In this layered podcast, Marcela and Luisa, members of Portal sem Porteiras, explore their excitement over the possibilities of their community network and how they are re-finding meaning and solace in connections.
This beautifully etched illustration follows the stories of various women who are working in community networks and their journeys with technology, autonomy and self-realisation.
APC's 2018 Annual Report offers an engaging dive into one year in the network's life. All the 67 stories are clustered under the six priority areas that have informed APC's work from 2016 until 2019: Access, rights, a feminist internet, governance, use and development and APC community.
APC's 2018 Annual Report is a deep dive into one year of our network's life. It is a compendium of stories about how APC collectively strives for change, from a year when so many deeply rooted initiatives blossomed.
Content moderation online is currently done by most social media companies through a mix of automation (or what is sometimes referred to as artificial intelligence or AI) and human moderators. Automation deals effectively with certain kinds of content – but it is not a foolproof system.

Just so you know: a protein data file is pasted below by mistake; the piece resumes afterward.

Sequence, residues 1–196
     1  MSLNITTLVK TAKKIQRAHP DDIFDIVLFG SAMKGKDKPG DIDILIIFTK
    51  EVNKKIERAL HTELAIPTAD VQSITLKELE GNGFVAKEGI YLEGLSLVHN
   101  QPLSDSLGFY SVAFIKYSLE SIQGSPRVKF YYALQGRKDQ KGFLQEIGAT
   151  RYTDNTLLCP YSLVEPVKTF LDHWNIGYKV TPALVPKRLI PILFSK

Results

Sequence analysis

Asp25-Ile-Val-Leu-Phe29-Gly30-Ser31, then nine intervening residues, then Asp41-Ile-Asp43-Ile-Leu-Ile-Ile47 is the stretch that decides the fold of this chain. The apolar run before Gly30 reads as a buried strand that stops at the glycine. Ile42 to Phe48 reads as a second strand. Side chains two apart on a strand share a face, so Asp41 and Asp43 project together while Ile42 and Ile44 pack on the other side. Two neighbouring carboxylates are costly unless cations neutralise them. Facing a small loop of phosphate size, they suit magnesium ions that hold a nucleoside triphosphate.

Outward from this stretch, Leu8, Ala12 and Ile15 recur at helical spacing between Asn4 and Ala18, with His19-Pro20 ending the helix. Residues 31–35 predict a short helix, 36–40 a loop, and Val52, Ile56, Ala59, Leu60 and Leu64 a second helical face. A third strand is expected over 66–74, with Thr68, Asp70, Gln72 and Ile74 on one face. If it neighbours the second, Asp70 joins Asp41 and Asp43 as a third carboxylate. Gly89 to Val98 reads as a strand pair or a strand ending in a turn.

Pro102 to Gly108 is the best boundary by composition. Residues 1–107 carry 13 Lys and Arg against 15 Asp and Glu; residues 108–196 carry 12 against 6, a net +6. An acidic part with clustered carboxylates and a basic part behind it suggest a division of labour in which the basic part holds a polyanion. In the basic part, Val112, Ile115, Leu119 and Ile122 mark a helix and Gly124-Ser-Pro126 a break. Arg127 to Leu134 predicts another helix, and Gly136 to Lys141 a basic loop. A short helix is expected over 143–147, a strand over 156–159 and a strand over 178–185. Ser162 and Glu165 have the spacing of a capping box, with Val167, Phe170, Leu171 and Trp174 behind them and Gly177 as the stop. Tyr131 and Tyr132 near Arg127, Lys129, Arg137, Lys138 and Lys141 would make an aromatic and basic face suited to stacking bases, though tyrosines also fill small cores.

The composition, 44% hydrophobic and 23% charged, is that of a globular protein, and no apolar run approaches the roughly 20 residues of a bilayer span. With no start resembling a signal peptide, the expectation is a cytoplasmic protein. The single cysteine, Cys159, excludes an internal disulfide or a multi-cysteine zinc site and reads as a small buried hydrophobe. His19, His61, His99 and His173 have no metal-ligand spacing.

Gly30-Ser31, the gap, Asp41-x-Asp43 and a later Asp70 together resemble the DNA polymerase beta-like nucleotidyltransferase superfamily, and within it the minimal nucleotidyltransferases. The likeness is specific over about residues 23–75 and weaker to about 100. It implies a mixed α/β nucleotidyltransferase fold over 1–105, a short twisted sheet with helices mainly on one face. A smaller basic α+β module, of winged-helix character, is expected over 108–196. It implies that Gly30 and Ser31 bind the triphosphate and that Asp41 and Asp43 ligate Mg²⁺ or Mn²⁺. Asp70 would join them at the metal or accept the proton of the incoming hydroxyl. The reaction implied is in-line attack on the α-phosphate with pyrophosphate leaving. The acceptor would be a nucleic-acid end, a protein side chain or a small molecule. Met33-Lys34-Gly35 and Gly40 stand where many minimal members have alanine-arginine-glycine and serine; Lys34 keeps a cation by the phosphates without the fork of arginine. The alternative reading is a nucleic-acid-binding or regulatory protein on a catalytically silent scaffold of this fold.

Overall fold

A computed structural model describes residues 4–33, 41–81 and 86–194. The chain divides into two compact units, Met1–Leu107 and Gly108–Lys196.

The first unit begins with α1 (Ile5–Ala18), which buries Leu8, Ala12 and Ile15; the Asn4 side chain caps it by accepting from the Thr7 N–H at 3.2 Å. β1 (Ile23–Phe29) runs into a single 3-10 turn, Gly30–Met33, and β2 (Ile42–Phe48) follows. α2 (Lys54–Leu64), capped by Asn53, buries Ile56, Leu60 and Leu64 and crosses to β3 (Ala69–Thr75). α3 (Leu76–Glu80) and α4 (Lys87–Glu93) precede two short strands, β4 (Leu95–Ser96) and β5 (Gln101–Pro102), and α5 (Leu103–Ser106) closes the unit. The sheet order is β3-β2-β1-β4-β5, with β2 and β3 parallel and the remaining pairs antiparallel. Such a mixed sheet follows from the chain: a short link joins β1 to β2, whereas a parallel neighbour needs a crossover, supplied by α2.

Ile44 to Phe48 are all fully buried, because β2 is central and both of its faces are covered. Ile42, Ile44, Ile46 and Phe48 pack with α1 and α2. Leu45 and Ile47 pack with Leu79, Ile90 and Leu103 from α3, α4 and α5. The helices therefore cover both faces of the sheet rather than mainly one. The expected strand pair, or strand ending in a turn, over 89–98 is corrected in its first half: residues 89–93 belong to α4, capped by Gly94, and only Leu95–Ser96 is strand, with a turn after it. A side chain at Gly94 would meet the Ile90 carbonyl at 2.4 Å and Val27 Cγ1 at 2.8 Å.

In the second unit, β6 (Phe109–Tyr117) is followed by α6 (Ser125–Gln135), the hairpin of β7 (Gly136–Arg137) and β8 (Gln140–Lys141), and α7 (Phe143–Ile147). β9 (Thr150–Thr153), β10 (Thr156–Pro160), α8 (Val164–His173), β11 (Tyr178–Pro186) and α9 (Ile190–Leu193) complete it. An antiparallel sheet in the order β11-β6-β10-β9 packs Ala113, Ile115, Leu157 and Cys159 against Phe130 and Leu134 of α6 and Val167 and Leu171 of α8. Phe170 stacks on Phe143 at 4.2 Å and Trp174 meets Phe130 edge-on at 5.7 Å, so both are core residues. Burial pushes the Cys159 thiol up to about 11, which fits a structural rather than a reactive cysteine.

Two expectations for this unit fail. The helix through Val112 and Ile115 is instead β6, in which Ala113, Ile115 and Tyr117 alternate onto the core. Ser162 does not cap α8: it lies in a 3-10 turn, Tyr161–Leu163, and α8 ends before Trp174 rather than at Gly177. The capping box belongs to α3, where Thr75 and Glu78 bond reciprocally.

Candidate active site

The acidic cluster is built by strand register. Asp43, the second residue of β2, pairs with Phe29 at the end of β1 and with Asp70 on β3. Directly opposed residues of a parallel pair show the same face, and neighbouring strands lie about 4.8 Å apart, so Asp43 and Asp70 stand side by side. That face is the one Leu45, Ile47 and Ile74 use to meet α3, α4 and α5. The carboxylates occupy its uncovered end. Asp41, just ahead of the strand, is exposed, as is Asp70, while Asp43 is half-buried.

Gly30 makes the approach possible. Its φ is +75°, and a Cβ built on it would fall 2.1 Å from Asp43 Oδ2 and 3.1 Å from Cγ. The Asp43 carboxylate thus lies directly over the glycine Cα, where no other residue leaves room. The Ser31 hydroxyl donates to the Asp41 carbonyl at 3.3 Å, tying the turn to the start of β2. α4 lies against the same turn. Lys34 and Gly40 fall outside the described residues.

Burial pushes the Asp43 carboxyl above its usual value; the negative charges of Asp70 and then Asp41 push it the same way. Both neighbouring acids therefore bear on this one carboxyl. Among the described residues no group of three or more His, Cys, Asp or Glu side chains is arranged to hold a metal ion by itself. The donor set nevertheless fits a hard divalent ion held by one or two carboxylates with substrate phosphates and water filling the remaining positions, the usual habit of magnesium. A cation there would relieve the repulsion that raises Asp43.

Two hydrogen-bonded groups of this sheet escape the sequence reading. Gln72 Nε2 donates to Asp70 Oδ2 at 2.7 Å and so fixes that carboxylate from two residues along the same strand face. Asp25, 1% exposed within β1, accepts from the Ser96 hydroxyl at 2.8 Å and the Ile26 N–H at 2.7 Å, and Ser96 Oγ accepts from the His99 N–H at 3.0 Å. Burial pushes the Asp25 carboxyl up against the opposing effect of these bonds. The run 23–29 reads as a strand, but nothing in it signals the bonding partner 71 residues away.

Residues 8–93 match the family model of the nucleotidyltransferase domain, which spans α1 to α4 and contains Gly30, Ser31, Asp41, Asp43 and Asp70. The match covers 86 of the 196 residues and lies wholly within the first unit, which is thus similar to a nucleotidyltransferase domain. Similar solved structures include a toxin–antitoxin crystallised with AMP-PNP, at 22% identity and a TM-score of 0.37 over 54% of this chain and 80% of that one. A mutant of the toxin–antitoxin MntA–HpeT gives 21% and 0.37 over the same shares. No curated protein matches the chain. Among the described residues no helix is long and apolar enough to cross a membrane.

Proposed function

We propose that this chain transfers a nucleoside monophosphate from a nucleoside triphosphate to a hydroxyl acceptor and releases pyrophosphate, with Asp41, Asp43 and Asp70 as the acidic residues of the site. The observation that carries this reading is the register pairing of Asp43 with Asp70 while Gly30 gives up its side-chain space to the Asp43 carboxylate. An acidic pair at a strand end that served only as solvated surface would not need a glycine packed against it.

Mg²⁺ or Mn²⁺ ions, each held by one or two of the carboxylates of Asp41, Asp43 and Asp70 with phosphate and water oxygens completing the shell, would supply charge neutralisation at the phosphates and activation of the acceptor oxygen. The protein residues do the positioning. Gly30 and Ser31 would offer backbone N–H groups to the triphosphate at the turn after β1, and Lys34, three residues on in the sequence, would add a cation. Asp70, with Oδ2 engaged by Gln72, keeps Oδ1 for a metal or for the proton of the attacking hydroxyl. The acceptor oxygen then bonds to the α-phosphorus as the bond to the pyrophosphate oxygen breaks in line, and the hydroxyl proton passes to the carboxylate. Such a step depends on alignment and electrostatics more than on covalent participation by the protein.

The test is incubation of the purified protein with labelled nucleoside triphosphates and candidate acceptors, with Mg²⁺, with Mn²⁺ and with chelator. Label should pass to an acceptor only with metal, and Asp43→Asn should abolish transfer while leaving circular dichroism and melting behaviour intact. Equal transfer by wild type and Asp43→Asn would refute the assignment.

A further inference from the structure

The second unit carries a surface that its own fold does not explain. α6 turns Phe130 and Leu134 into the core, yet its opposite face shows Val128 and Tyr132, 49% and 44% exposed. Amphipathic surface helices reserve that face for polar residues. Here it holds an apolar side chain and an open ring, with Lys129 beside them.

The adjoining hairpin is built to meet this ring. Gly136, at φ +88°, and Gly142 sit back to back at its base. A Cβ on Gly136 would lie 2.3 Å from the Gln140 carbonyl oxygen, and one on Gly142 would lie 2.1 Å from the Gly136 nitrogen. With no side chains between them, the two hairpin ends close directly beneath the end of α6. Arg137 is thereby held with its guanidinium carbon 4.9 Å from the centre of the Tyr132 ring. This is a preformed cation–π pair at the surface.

People who are digitally excluded on the basis of where they live, gender, class, disability or identity have affordable and sustainable connectivity that allows them to share and communicate. This is a compendium of the highlights from APC's Annual Report for 2018.
This edition is a collection of essays and reflexive writings on feminist ways of knowing, and practices and priorities in feminist internet research. The focus is particularly on how there are added dimensions to all these questions when doing research on the internet and digital technology.
Community networks provide alternatives to internet access infrastructure that is controlled by either companies or the state. In the remote area where Kondoa Community Network works, even patchy services have been helpful to ensure access to better education and medical services.
How we organise around shared causes and beliefs has changed with the internet. This piece looks at how the internet allows leadership to be decentralised, and responds to the idea that the age of influencers is necessarily a bad thing.
Women in Uganda find themselves in a position where they have nowhere to turn; they are caught between a rock and a hard place, or between the reality of non-consensual dissemination of intimate images (NCII) and the laws that police their bodies.